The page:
Doctors widely prescribe the cholesterol-lowering drug statin to help prevent heart attacks and stroke in high-risk patients, but a new study suggests another benefit of taking this medication.

In a research presented at the American Heart Association meeting in Nashville on Friday, researchers reported that statins may protect people who have narrowed leg arteries from amputation and even death.

Shipra Arya, from the Emory University School of Medicine, and colleagues looked at the health information and health status of more than 208,000 veterans with peripheral artery disease (PAD).

The disease, which Arya described as the next cardiovascular epidemic, is marked by the narrowing or blockage of the arteries that transport blood to the head, organs and limbs. The condition is often caused by fatty plaque buildup in the arteries and more often occurs in the legs than in the arms.

Figures from the Centers for Disease Control and Prevention (CDC) show that about 8 million people in the U.S. have PAD, and this includes between 12 to 20 percent of individuals who are over 60 years old.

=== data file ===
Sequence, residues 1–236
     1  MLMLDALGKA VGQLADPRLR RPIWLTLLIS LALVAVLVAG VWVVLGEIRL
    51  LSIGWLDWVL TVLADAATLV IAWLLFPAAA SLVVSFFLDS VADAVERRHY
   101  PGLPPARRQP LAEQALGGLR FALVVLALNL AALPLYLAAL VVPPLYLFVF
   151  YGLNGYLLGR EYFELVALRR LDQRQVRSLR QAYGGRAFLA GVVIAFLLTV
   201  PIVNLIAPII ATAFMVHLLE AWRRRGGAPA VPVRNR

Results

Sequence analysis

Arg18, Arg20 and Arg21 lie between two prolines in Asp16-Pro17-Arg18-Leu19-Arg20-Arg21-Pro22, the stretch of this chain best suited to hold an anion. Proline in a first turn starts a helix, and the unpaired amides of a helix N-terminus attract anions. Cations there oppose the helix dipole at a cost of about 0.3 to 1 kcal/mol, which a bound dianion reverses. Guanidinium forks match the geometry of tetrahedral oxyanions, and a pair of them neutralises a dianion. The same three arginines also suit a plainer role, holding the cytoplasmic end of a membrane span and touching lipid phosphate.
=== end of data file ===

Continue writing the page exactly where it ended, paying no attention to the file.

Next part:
Arya and colleagues divided the subjects into three groups. Those in the first group received high doses of statins when they were diagnosed with PAD. Those in the second group took moderate to low doses of the medication, and those in the third group did not take statins at all.

After 5.2 years, the researchers found that those who took high doses of statin had 33 percent reduced risk for amputation and 29 percent reduced risk for death compared with those who did not take the drugs.

The study, one of the largest population-based research on PAD, suggests taking a high dose of statin may be beneficial for individuals diagnosed with PAD.

"Patients who have been diagnosed with PAD should be considered for placement on high dose statins upon diagnosis if they can tolerate it, along with other medical management, including smoking cessation, antiplatelet therapy and a walking program," Arya said.

Taking statins can cut risk for stroke, heart attack and heart disease-related deaths by up to 35 percent, but the drug has also been associated with an array of benefits. Earlier research, for instance, show that the drug may shorten wound healing time after a cardiac heart surgery. Statins have also been shown to reduce the risk of dying from lung cancer.

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